With such a consistent and large number of requests for these games, Avinode believes that, based on these two separate but wholly relevant events, the 2016 Rio Olympics should have offered some positivity during the country’s testing times. “With more visitors comes more tourism, more money and more promotion. Ultimately this can only help Brazil in edging its way up and out of its current state of gloom,” concludes Sosa.

Serving the Hungarian team

Global brokerage Air Partner had teamed up with Budapest-based travel company Tensi Sport & Holiday, the official travel agent for the Hungarian Olympic Committee and authorised ticket reseller for the Games, to offer direct flights from Budapest to Rio on four dedicated aircraft. Air Partner was also responsible for transporting the entire Hungarian Olympic team over to Brazil.

The arrangement came about as Air Partner’s sales agent in Hungary, Tensi Aviation, is the partner company of Tensi Sport & Holiday. Air Partner country manager Bernhard Egger comments: “There are many people in Hungary who would love to support their national team out in Rio but the route is not served by scheduled services and as such, the journey is quite a mission.”

Most charter will come from spectators, not athletes

For Tracey Deakin, COO at California-based Le Bas International, there has been very little interest in this event. “We had one VIP sports personality flying down, but because Rio is very well served by international airlines, and because the people primarily going down are sportsmen and women with their families, they tend to go scheduled.”

He explains that within sports like football, basketball and baseball, players are professional and attract a lot of sponsorship. So when they fly, accompanied by their large entourages, the sponsor will meet all those costs. Olympians don’t tend to attract the same level of sponsorship so the economy of commercial flight trumps the luxury of the private experience.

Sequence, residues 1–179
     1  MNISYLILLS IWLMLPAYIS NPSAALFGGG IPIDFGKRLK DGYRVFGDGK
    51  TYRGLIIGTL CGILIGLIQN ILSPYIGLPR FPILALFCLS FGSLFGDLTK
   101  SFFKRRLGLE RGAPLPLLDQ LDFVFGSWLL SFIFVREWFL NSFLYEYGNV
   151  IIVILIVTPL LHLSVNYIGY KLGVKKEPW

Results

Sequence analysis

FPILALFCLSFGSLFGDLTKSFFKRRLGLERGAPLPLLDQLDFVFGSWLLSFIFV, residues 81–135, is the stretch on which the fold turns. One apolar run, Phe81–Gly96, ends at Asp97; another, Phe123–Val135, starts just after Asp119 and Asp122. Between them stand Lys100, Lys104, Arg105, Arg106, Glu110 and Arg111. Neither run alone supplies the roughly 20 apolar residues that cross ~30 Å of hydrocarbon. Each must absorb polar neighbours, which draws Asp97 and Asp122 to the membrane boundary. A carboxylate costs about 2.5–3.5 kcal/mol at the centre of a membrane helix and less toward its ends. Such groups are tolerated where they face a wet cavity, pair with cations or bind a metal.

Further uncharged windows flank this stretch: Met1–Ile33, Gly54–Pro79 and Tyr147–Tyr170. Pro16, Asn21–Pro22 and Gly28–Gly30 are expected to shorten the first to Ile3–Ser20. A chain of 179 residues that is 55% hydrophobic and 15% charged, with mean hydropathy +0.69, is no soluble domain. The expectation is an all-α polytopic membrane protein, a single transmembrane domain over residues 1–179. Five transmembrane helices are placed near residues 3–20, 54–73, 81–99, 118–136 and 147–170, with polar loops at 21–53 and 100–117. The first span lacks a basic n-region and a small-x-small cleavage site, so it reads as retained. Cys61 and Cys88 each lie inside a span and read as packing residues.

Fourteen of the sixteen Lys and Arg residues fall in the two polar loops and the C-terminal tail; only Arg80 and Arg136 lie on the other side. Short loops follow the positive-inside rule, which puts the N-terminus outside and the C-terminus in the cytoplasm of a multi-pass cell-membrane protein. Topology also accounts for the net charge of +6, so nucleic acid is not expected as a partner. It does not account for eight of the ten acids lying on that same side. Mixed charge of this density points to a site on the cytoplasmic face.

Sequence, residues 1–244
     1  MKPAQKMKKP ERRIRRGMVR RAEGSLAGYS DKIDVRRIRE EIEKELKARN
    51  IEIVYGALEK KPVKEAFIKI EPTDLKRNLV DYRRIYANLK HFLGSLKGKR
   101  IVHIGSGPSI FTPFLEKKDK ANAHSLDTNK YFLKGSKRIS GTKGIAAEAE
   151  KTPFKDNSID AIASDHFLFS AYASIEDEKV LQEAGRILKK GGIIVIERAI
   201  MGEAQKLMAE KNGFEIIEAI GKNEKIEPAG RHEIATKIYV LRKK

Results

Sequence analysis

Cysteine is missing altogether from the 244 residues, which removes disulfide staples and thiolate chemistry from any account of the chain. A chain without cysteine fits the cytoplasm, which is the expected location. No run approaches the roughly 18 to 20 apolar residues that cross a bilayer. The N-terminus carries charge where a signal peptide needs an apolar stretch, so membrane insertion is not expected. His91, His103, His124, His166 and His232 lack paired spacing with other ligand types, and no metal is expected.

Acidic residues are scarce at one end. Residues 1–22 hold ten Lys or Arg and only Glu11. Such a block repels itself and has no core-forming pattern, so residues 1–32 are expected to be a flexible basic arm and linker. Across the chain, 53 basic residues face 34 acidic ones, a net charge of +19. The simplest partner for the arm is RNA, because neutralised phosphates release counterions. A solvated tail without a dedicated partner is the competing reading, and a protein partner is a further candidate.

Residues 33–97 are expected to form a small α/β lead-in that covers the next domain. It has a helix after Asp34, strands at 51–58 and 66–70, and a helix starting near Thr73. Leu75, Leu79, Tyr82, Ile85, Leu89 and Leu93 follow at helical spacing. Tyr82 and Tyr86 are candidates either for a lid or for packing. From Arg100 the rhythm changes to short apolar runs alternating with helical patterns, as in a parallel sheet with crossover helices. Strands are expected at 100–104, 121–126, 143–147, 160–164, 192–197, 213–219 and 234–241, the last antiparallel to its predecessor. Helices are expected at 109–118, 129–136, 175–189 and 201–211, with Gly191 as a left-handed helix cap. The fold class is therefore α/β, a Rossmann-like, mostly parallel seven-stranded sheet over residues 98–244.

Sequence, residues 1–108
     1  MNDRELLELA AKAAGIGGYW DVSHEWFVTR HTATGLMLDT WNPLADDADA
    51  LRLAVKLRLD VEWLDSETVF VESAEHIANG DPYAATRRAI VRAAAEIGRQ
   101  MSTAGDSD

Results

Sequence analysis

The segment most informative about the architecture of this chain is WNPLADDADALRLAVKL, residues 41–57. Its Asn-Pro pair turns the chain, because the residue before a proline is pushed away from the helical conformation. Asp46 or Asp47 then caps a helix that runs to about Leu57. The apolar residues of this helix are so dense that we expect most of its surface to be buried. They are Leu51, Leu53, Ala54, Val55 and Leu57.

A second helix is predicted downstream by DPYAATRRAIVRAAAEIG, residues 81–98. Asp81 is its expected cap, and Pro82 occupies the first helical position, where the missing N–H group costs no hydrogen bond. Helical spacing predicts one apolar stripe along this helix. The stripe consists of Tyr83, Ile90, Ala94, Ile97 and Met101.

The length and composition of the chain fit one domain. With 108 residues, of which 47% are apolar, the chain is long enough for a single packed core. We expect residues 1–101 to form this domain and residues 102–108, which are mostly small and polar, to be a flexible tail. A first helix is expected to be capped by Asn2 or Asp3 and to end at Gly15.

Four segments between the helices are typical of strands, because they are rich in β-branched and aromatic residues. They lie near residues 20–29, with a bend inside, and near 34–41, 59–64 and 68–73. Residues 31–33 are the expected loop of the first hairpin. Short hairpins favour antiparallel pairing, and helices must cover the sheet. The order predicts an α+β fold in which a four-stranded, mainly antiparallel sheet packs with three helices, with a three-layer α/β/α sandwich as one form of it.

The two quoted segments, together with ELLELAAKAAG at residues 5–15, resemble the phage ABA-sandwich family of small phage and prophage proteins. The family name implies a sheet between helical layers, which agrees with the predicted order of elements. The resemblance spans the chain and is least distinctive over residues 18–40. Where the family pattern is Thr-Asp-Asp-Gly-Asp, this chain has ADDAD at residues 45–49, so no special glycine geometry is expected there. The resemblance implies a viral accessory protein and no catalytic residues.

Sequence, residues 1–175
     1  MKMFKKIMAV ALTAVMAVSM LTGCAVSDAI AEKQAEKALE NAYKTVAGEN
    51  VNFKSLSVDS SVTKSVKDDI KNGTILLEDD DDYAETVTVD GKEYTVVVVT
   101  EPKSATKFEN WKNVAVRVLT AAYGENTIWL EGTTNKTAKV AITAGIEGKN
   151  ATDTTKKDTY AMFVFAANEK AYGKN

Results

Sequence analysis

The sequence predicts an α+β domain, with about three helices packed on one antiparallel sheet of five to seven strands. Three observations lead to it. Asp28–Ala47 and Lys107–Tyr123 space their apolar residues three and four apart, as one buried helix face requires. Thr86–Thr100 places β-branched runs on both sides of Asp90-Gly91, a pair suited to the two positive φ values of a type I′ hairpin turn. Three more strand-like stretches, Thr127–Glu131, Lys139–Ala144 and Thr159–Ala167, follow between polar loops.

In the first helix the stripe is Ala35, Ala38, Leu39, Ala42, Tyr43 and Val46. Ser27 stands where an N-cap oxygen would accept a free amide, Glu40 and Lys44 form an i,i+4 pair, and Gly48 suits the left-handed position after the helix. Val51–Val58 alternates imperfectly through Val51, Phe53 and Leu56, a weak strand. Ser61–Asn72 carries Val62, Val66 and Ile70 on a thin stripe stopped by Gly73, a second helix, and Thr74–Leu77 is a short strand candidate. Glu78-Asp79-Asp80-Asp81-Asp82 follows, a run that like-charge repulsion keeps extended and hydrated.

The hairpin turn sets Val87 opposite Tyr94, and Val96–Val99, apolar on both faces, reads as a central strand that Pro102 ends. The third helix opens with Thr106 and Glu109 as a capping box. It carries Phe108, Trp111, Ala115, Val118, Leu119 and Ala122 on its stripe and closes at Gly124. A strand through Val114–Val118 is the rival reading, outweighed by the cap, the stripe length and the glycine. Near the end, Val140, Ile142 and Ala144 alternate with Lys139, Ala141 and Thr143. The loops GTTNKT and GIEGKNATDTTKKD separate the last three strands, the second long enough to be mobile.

Le Bas has seen a little more interest in the Winter Olympics than the summer Games, and has flown the US team around in the past. “But apart from that, nothing.” says Deakin. For the World Cup he had aircraft based in Brazil to meet the needs of client corporations who had based their people in large hotels for the duration of the tournament, and who were then flown there and back to the venues for each match.

“There were no problems for business aviation at that time but we had prepared about a year and a half in advance for that one,” he says. “And we are already working on the next World Cup.”

If it’s not problems at the Brazil end, disruptions at the country of departure may impact negatively on charter business. Fabrice Mandon, commercial manager at France-based Kevelair, reports: “The market was low here actually, due to strikes and conditions in France itself.”

Brazil – a void to avoid?

Luis Barroz, CEO at Dallas, Texas-based brokerage Horizon Air Charter, had done some advertising for the Games but had not been overly proactive. He worked closely with international handlers, finding out how it would all work and what lead times and permits should be in place. “But we haven’t really got our hands too dirty with it,” he says.

While he saw considerable activity around the London Games, it was just not the case for Brazil. “The bad press and all the scares about the Games deterred everyone. There was not too much buzz about the whole thing,” he adds.

However, despite the general pessimism, online booking platform Victor has reported private jet flights to Rio nearly doubled for August, suggesting a clear appetite for Olympic travel. The company looked at booking requests for the second half of July versus the first half of August, when the Games began, and found an increase of 44 per cent to Rio and 32 per cent to Brazil generally.

But the last word must go to Oliver King, managing director at Avinode, who says: “Looking at our data we can see that flight requests for Rio shot up by over 1,000 per cent over the Games’ opening weekend compared to the same period last year. In August 2015 Rio was not even among the top 10 Latin American cities to visit, falling behind more popular destinations in the Turks and Caicos islands, Mexico and the Bahamas. Demand for Rio should have remained high for the duration of the Games, and as we head into autumn it will be interesting to see which cultural or political events will shape the trends in future flight requests and movements.”